4 Applications of the tools of choice architecture The concept of choice architecture has already diffused into several economic and public policy domains where individuals regularly experience suboptimal decisions. Choice architecture tools have been applied to issues of consumer savings, organ donation, medical decision-making, consumer health and wellness, and climate change mitigation. Here, we focus on three primary domains: decisions that impact the environment, consumer financial decisions, and eating decisions. Consider first the domain of decisions that impact our environment. This may include decisions regarding energy consumption (appliances, transportation, heating and cooling), water use (including showers, gardening, swimming pools, rice farming), and land use (deforestation, types of agriculture, urban planning). Some environmental decisions have substantial long-run implications. Potential climate change risks are perhaps the greatest sustainability challenge, and require drastic reductions in greenhouse gas (GHG) emissions through reduced energy consumption and better efficiency and conservation measures. Producing these reductions can offer both financial gains for consumers and societal gains for the environment, seemingly a win–win situation. While purely economic solutions have been attempted, the psychological biases that are a barrier to adoption make this a domain where behavioral change may prove more effective (Weber 2012, in press). A second application domain is the area of consumer financial decision-making. We have already seen the impact of choice architecture on both innovative product offerings and in public policy. The Save More Tomorrow plan (Benartzi and Thaler

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2004) first reframes the decision to save; instead of reducing consumption now, the participant decides how much of a future increase in salary will be allocated to savings. By moving the commitment into the future, the intervention also reduces the impact of impatience. Finally, the plan makes the increased saving the default. Together, these three changes in choice architecture have significantly increased savings behavior and have generated widespread adoption. A change of default in debit and credit cards has also recently produced a significant change in the structure of profits in that industry. The 2009 CARD Act changes the default for over-limit fees on debit and credit cards, requiring an opt-in choice to enable the bank to pay bills over the amount in the consumer’s account. These fees, often greater than $30, generated large profits for credit card companies. One firm, Bank of America, took a write-off of greater than $10.4 billion in the value of its credit card unit (Schwartz 2010). Finally, consider the domain of eating decisions. While many individuals spend significant amounts of time, effort, and money in attempts to modify their diet, most eating behavior occurs without much conscious thought. Yet given that people make an average of 200 to 300 decisions regarding food consumption in any given day (Wansink and Sobal 2007), it is no wonder that individuals might make decisions that are out of line with their health goals and desires. In order to reduce the cognitive requirements of so many decisions, individuals may rely on heuristics or decisionrules to guide food choice and consumption decisions (Wansink 2010; Wansink et al. 2009). These habitual behaviors can become rigid and unresponsive to changes in understanding of health and nutrition. For instance, doubling the price of an all-youcan-eat pizza buffet led people to eat more pizza even though the diminishing returns to taste and perceived quality quickly dropped (Just and Wansink 2011). It led them to eat more and enjoy it less. It is these types of dynamics that make eating behavior a prime context for behavioral economic interventions and research. More generally, standard interventions suggested by classical economic analysis can backfire, if they ignore the factors we have discussed. For example, providing information about a particular issue does increase attention toward that issue, but the intervention can have unintended consequences such as reducing attention about other important issues (Weber 1997) or increasing focus on only a single corrective action to the exclusion of others (Weber 2006). Thus, it may be useful to modify standard utility theory of time and risk preferences, to allow consideration of psychological processes and effects in combination with economic incentives (Just and Wansink 2009). For each domain, one may wonder whether choice architecture can leverage economic solutions. Prior to the advent of choice architecture, traditional models in economics have suggested three policy levers: altering prices, providing information, and placing restrictions on purchasing and other behavior. However, many of the issues examined in psychology and economics, such as excessive discounting, status quo effects, and information processing limitations can prevent such solutions from being effective. In financial decisions, purely economic incentives are not enough to improve choices; for example, even company matching on 401(k) contributions is not enough to achieve 100 % participation in savings programs. In food consumption, observed behavior also cannot be reconciled with standard economic models: Altering prices and providing information is generally ineffective in altering consumption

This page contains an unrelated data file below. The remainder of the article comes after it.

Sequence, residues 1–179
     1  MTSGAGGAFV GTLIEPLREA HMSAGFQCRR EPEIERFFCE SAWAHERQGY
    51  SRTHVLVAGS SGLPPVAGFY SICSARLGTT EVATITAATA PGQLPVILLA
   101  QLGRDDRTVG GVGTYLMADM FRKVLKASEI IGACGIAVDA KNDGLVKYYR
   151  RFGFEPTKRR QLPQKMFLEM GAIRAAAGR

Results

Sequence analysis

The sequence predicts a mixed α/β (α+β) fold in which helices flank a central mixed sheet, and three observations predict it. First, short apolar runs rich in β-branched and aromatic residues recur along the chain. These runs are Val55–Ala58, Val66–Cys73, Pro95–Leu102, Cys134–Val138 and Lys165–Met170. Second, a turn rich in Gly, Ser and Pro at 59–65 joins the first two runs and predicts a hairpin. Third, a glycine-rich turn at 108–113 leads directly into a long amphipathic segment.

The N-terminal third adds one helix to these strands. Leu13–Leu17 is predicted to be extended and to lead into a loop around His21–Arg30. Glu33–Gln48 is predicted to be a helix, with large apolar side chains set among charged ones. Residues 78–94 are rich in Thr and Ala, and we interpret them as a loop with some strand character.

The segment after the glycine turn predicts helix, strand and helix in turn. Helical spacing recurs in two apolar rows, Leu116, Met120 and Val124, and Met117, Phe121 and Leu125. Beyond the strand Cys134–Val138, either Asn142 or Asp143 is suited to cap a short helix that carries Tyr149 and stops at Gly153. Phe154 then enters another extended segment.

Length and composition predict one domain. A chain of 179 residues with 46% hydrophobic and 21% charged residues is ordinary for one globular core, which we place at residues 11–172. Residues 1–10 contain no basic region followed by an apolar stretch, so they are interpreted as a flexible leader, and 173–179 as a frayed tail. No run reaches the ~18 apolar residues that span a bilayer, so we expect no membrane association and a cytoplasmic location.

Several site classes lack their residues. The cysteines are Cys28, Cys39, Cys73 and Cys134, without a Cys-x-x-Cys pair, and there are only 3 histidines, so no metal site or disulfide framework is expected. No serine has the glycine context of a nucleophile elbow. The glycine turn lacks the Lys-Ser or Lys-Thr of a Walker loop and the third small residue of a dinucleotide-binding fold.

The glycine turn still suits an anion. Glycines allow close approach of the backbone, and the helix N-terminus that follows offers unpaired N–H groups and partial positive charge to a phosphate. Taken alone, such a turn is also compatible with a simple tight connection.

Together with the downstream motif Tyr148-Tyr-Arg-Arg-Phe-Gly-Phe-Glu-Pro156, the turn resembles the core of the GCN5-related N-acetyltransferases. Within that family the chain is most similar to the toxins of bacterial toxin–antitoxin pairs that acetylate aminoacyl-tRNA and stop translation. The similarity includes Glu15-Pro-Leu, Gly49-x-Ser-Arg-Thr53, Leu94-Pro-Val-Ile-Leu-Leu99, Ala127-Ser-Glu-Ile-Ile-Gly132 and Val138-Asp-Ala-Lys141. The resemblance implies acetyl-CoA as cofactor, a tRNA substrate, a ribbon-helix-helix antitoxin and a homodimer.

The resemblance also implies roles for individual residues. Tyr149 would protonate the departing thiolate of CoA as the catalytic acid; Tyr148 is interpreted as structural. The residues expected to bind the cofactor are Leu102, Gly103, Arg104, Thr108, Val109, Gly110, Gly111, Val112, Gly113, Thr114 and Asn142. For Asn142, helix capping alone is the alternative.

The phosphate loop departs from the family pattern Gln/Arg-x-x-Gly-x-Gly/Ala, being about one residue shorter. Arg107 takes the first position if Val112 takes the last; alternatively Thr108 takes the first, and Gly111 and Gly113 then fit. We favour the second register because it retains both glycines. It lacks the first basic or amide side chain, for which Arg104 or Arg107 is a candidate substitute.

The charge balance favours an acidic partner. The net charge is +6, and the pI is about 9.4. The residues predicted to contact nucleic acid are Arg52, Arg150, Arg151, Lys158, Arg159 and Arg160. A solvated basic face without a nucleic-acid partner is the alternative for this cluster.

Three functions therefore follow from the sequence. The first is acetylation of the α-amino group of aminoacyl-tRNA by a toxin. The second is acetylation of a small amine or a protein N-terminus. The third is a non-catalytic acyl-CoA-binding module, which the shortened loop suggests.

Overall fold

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(Mytton et al. 2007). For the environment, economic solutions have included regulating behavior (through building codes and CAFE efficiency standards) and raising the price of energy (e.g., a carbon tax in some countries other than the USA), often without substantial effects. An emerging literature has tried to incorporate some psychology into economic models of environmental choices, financial decisions, and food consumption. While this literature represents a starting point, much remains to be done in terms of incorporating the tools of choice architecture into these domains, and creating and using suitable individual data to calibrate these models for policy purposes. Many of the choice architecture tools described in this paper were designed to change behavior in these three areas. Additional situational changes, such as changing the wallpaper used on a web site (Mandel and Johnson 2002), the social setting of the decision (Milch et al. 2009), the information process or mode used for making the decision (Weber and Lindemann 2007), the framing of the outcomes (Tversky and Kahneman 1981), or even the label of a choice attribute (Hardisty et al. 2010) may all have desirable effects. Such behavioral interventions are not necessarily objectionable to the decision-maker even when they are unaware of the impacts of these interventions on their own behavior (Johnson and Goldstein 2003; Wansink 2012). Rather, the individual may believe they are better off for the intervention if the intervention encourages good behavior while not prohibiting bad behavior. One possible response to the charge that the choice architect is influencing behavior without the decision-maker’s awareness is full disclosure of decision design: Choice formats could be accompanied by a description of the potential influences that might accompany the way the choice is posed. Such full disclosure of choice architecture is rarely done today, but its effects deserve further study with the goal of making open disclosure a routine responsibility for choice architects. The behavioral economics of environmental sustainability, financial decisions, and eating affects us all in multiple ways multiple times a day. The good news is that the same factors that lead us to make a mindless suboptimal or unhealthy choice can often be reversed to help us make a mindless better choice. Behavioral economics offers a means to encourage more optimal behavior without inducing the resistance and reactance often associated with restrictive policies (Just and Wansink 2009).